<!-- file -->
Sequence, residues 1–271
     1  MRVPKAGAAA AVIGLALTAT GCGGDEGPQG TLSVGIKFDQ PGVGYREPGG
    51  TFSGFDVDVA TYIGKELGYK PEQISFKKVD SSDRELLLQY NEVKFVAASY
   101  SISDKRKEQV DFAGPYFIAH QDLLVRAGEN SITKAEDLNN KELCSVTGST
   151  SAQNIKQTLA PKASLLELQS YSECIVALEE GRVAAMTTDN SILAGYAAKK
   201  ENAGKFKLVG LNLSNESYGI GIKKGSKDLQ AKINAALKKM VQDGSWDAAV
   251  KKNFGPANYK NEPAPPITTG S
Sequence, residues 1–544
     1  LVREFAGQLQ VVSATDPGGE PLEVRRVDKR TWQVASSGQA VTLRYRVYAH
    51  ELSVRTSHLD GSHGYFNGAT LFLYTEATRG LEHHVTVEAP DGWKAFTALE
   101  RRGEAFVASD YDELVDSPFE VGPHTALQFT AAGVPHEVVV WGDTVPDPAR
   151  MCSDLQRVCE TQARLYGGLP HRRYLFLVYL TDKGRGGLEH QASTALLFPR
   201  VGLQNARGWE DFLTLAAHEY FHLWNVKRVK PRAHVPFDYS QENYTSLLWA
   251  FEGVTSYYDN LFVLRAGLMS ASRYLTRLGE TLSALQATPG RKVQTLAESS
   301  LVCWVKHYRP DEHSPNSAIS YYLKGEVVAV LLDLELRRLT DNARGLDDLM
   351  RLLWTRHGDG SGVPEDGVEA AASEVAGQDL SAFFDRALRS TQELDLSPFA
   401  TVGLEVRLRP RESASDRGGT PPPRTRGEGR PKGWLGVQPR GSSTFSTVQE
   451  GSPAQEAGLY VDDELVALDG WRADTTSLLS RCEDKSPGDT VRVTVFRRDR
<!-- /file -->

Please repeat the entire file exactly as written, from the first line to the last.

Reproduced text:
Sequence, residues 1–271
     1  MRVPKAGAAA AVIGLALTAT GCGGDEGPQG TLSVGIKFDQ PGVGYREPGG
    51  TFSGFDVDVA TYIGKELGYK PEQISFKKVD SSDRELLLQY NEVKFVAASY
   101  SISDKRKEQV DFAGPYFIAH QDLLVRAGEN SITKAEDLNN KELCSVTGST
   151  SAQNIKQTLA PKASLLELQS YSECIVALEE GRVAAMTTDN SILAGYAAKK
   201  ENAGKFKLVG LNLSNESYGI GIKKGSKDLQ AKINAALKKM VQDGSWDAAV
   251  KKNFGPANYK NEPAPPITTG S
Sequence, residues 1–544
     1  LVREFAGQLQ VVSATDPGGE PLEVRRVDKR TWQVASSGQA VTLRYRVYAH
    51  ELSVRTSHLD GSHGYFNGAT LFLYTEATRG LEHHVTVEAP DGWKAFTALE
   101  RRGEAFVASD YDELVDSPFE VGPHTALQFT AAGVPHEVVV WGDTVPDPAR
   151  MCSDLQRVCE TQARLYGGLP HRRYLFLVYL TDKGRGGLEH QASTALLFPR
   201  VGLQNARGWE DFLTLAAHEY FHLWNVKRVK PRAHVPFDYS QENYTSLLWA
   251  FEGVTSYYDN LFVLRAGLMS ASRYLTRLGE TLSALQATPG RKVQTLAESS
   301  LVCWVKHYRP DEHSPNSAIS YYLKGEVVAV LLDLELRRLT DNARGLDDLM
   351  RLLWTRHGDG SGVPEDGVEA AASEVAGQDL SAFFDRALRS TQELDLSPFA
   401  TVGLEVRLRP RESASDRGGT PPPRTRGEGR PKGWLGVQPR GSSTFSTVQE
   451  GSPAQEAGLY VDDELVALDG WRADTTSLLS RCEDKSPGDT VRVTVFRRDR